1,997 downloads cancer biology
Lina Wadi, Liis Uusküla-Reimand, Keren Isaev, Shimin Shuai, Vincent Huang, Minggao Liang, J. Drew Thompson, Yao Li, Luyao Ruan, Marta Paczkowska, Michal Krassowski, Irakli Dzneladze, Ken Kron, Alexander Murison, Parisa Mazrooei, Robert G Bristow, Jared T Simpson, Mathieu Lupien, Michael D Wilson, Lincoln D. Stein, Paul C. Boutros, Jüri Reimand
A comprehensive catalogue of the mutations that drive tumorigenesis and progression is essential to understanding tumor biology and developing therapies. Protein-coding driver mutations have been well-characterized by large exome-sequencing studies, however many tumors have no mutations in protein-coding driver genes. Non-coding mutations are thought to explain many of these cases, however few non-coding drivers besides TERT promoter are known. To fill this gap, we analyzed 150,000 cis-regulatory regions in 1,844 whole cancer genomes from the ICGC-TCGA PCAWG project. Using our new method, ActiveDriverWGS, we found 41 frequently mutated regulatory elements (FMREs) enriched in non-coding SNVs and indels (FDR<0.05) characterized by aging-associated mutation signatures and frequent structural variants. Most FMREs are distal from genes, reported here for the first time and also recovered by additional driver discovery methods. FMREs were enriched in super-enhancers, H3K27ac enhancer marks of primary tumors and long-range chromatin interactions, suggesting that the mutations drive cancer by distally controlling gene expression through three-dimensional genome organization. In support of this hypothesis, the chromatin interaction network of FMREs and target genes revealed associations of mutations and differential gene expression of known and novel cancer genes (e.g., CNNB1IP1, RCC1), activation of immune response pathways and altered enhancer marks. Thus distal genomic regions may include additional, infrequently mutated drivers that act on target genes via chromatin loops. Our study is an important step towards finding such regulatory regions and deciphering the somatic mutation landscape of the non-coding genome.
1,984 downloads cancer biology
Personalized cancer vaccine strategies directed at tumor neoantigens derived from somatic mutations in the DNA are currently under prospective evaluation. Alterations in tumor RNA, rather than DNA, may also represent a previously-unexplored source of neoantigens. Here, we show that intron retention, a widespread feature of cancer transcriptomes, represents a novel source of tumor neoantigens. We developed an in silico approach to identify retained intron neoantigens from RNA sequencing data and applied this methodology to tumor samples from patients with melanoma treated with immune checkpoint blockade, discovering that the retained intron neoantigen burden in these samples augments the DNA-derived, somatic neoantigen burden. We validated the existence of retained intron derived neoantigens by implementing this technique on cancer cell lines with mass spectrometry-derived immunopeptidome data, revealing that retained intron neoantigens were complexed with MHC I experimentally. Unexpectedly, we observed a trend toward lack of clinical benefit from immune checkpoint blockade in high retained intron load-tumors, which harbored transcriptional signatures consistent with cell cycle dysregulation and DNA damage repair. Our results demonstrate the contribution of transcriptional dysregulation to the overall burden of tumor neoantigens, provide a foundation for augmenting personalized cancer vaccine development with a new class of tumor neoantigens, and demonstrate how global transcriptional dysregulation may impact selective response to immune checkpoint blockade.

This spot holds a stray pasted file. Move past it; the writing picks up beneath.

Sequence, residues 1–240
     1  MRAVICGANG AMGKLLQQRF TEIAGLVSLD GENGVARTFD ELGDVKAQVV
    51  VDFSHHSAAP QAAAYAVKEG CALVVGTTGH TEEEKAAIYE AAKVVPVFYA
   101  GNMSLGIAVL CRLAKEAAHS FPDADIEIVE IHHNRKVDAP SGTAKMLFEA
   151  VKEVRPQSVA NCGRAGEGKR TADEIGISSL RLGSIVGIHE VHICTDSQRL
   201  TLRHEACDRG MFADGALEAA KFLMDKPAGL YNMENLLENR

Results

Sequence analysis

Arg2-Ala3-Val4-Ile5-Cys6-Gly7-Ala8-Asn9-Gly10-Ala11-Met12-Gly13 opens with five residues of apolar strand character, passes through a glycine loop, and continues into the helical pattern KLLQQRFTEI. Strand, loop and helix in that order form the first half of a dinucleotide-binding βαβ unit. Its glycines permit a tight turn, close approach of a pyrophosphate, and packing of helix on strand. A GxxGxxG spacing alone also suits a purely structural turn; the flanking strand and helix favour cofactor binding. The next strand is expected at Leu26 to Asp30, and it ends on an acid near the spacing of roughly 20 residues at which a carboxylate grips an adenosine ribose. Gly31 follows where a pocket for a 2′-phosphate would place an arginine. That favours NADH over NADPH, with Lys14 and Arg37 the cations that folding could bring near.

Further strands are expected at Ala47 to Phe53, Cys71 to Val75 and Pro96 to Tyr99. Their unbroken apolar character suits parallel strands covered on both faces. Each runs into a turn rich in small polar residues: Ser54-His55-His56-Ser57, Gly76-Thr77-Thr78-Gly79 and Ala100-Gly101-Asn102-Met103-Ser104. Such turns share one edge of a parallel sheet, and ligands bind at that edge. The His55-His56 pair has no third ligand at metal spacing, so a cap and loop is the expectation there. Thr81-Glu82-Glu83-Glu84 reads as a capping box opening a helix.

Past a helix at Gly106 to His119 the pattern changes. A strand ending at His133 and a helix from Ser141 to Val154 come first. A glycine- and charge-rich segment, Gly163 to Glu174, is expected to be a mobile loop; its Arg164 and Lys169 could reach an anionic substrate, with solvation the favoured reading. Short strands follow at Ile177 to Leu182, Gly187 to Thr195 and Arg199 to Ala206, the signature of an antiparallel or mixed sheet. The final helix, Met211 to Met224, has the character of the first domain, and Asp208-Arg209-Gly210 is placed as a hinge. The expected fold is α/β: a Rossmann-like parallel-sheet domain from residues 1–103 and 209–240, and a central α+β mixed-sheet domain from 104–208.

1,949 downloads cancer biology
Immune cells infiltrating tumors can have important impact on tumor progression and response to therapy. We present an efficient algorithm to simultaneously estimate the fraction of cancer and immune cell types from bulk tumor gene expression data. Our method integrates novel gene expression profiles from each major non-malignant cell type found in tumors, renormalization based on cell-type specific mRNA content, and the ability to consider uncharacterized and possibly highly variable cell types. Feasibility is demonstrated by validation with flow cytometry, immunohistochemistry and single-cell RNA-Seq analyses of human melanoma and colorectal tumor specimens. Altogether, our work not only improves accuracy but also broadens the scope of absolute cell fraction predictions from tumor gene expression data, and provides a unique novel experimental benchmark for immunogenomics analyses in cancer research.
1,902 downloads cancer biology
Yu Kong, Chris Rose, Ashley A Cass, Martine Darwish, Steve Lianoglou, Pete M Haverty, Ann-Jay Tong, Craig Blanchette, Ira Mellman, Richard Bourgon, John Greally, Suchit Jhunjhunwala, Matthew L. Albert, Haiyin Chen-Harris
Profound loss of DNA methylation is a well-recognized hallmark of cancer. Given its role in silencing transposable elements (TEs), we hypothesized that extensive TE expression occurs in tumors with highly demethylated DNA. We developed REdiscoverTE, a computational method for quantifying genome-wide TE expression in RNA sequencing data. Using The Cancer Genome Atlas database, we observed increased expression of over 400 TE subfamilies, of which 262 appeared to result from a proximal loss of DNA methylation. The most recurrent TEs were among the evolutionarily youngest in the genome, predominantly expressed from intergenic loci, and associated with antiviral or DNA damage responses. Treatment of glioblastoma cells with a demethylation agent resulted in both increased TE expression and de novo presentation of TE-derived peptides on MHC class I molecules. Therapeutic reactivation of tumor-specific TEs may synergize with immunotherapy by inducing both inflammation and the display of potentially immunogenic neoantigens.